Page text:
The gig economy has significantly altered the traditional employer-employee relationship, leaving many gig workers without the protections afforded to traditional employees, such as access to health insurance, unemployment benefits, and retirement savings plans. Gig workers, often classified as independent contractors, are responsible for providing their own safety net, which can be challenging given the unpredictable nature of gig work and fluctuating income streams.

One of the most significant gaps for gig workers is access to health insurance. Unlike traditional employees who may receive employer-sponsored health coverage, gig workers typically must purchase their own insurance policies. However, the cost of individual health insurance plans can be prohibitive, especially for those with low or inconsistent incomes. Additionally, gig workers may not have access to other benefits often bundled with traditional employment, such as dental and vision coverage or employer contributions to health savings accounts.

Gig workers generally do not qualify for traditional unemployment benefits, as they are not employees of the companies they work for but rather independent contractors. This lack of unemployment protection leaves gig workers vulnerable during periods of reduced or disrupted income, such as when demand for their services decreases or platforms change their algorithms or policies. Without a safety net to fall back on, gig workers may face financial hardship during periods of unemployment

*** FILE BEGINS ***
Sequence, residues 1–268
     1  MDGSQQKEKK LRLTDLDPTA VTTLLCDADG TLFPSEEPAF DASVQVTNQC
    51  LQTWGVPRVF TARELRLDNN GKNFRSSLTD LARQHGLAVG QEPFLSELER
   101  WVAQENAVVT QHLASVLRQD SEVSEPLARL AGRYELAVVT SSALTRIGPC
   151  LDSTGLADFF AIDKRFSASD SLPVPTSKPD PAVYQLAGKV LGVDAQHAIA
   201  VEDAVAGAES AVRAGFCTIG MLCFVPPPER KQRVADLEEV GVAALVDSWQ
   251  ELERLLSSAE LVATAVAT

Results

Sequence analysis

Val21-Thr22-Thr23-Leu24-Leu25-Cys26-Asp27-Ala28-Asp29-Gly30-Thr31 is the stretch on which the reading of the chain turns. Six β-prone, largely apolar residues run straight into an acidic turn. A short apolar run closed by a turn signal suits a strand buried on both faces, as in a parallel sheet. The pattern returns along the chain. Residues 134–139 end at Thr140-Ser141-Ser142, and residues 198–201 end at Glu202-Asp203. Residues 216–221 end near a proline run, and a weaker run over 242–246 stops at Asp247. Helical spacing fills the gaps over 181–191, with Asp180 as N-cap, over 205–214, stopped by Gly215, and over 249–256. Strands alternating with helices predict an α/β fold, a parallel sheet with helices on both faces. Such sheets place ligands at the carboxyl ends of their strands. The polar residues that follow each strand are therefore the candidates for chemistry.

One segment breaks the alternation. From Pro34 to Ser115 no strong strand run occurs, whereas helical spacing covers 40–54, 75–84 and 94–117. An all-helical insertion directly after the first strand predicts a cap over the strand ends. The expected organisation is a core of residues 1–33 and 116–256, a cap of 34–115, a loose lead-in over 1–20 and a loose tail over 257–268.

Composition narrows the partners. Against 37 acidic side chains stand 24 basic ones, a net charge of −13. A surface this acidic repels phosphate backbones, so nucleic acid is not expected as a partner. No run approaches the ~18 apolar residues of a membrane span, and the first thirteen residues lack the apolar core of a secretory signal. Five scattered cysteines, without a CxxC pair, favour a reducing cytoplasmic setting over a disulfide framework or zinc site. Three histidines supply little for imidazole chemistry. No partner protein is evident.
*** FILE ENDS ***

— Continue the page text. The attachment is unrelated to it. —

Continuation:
Saving for retirement is another challenge for gig workers, as they often lack access to employer-sponsored retirement plans such as 401(k)s. Without employer contributions or retirement benefits, gig workers must proactively save for retirement through individual retirement accounts (IRAs) or other personal savings vehicles. However, the irregular income and expenses associated with gig work can make saving for retirement more difficult and less predictable.

Given these challenges, gig workers must seek out alternative avenues for accessing benefits and protections.) The AFE offers membership benefits that can help fill some of these gaps. AFE membership benefits include access to resources and services that gig workers may find valuable, such as:

Healthcare Advocacy Programs:

AFE members enjoy access to healthcare advocacy programs that can help navigate the complexities of the healthcare system, negotiate medical bills, and find affordable healthcare options.

Discounts on Health Services:

AFE membership plans offer discounts on healthcare services, prescriptions, and wellness products, helping to reduce the out-of-pocket costs of healthcare for gig workers.

Legal and Financial Services:

Membership in AFE provides access to legal and financial services, such as consultations with attorneys or financial advisors, which can help gig workers address legal and financial challenges they may encounter in their work.

While these benefits can provide valuable support to gig workers, they are not a substitute for comprehensive social safety net protections. Addressing the lack of protections for gig workers requires policy solutions that recognize the changing nature of work and provide avenues for gig workers to access benefits such as healthcare, unemployment insurance, and retirement savings in a way that reflects the realities of modern employment.


Article by
Katie Hoge
Content Writer and Researcher

Katie Hoge, a young white woman with long brown hair